AMY GOODMAN: The title, Stripping Bare the Body?
MARK DANNER: Well, that came from something that a former Haitian president said, Leslie Manigat, who was briefly president after the fall of Duvalier and was overthrown in a coup. And he talked about the fact that political violence strips bare the social body, the better to place the stethoscope and hear what’s really going on beneath the skin. And his point, I think, in general, was if you look at a society convulsed by violence, whether it’s a coup d’état, a revolution, a war, it is a way to see inside it to understand the different social forces that make it tick and that, during times of peace, very often tend to be invisible.
And the book is about really those moments of nudity, as he called them, when you can look inside, whether it’s Haiti itself, the Balkans during the wars of the mid-’90s, the Iraq war, the war on terror in which we’re looking at our own society, whether it’s through provisions that the Bush administration put in place to deal with terrorism or the decisions that the Obama administration has made in its aftermath not to pursue certain legal recourses. And all of these are, in President Manigat’s phrase, moments of nudity in which we can actually look at societies and try to understand what makes them tick politically. And that’s what the book’s about.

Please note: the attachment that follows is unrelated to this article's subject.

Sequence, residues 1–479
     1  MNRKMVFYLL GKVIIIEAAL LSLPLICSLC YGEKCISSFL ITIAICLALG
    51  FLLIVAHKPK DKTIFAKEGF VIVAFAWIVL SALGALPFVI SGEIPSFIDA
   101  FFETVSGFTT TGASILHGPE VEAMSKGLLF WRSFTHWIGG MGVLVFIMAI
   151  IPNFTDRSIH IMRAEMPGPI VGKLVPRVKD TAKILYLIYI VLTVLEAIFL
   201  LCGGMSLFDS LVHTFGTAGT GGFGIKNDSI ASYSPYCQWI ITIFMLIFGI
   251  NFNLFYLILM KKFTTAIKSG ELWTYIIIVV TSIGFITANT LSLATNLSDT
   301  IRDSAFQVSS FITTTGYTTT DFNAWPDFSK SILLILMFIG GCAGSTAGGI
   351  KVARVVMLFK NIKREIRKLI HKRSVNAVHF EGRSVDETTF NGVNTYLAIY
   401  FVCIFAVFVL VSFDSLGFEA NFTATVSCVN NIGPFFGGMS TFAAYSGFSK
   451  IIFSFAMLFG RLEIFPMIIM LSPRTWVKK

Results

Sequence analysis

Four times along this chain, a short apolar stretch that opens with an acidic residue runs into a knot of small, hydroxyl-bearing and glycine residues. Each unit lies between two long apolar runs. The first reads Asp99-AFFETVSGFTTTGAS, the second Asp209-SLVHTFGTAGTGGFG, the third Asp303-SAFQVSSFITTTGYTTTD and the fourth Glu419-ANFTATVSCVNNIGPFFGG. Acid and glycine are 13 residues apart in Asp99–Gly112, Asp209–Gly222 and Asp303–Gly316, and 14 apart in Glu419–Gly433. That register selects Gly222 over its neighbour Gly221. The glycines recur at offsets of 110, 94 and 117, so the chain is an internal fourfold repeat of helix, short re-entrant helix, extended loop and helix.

AMY GOODMAN: Let’s talk about that naked truth now. We’ll work our way backwards.
MARK DANNER: OK.
AMY GOODMAN: Obama and Bush and how the Obama administration is dealing with Bush, these torture memos, and what both Eric Holder is doing and not doing?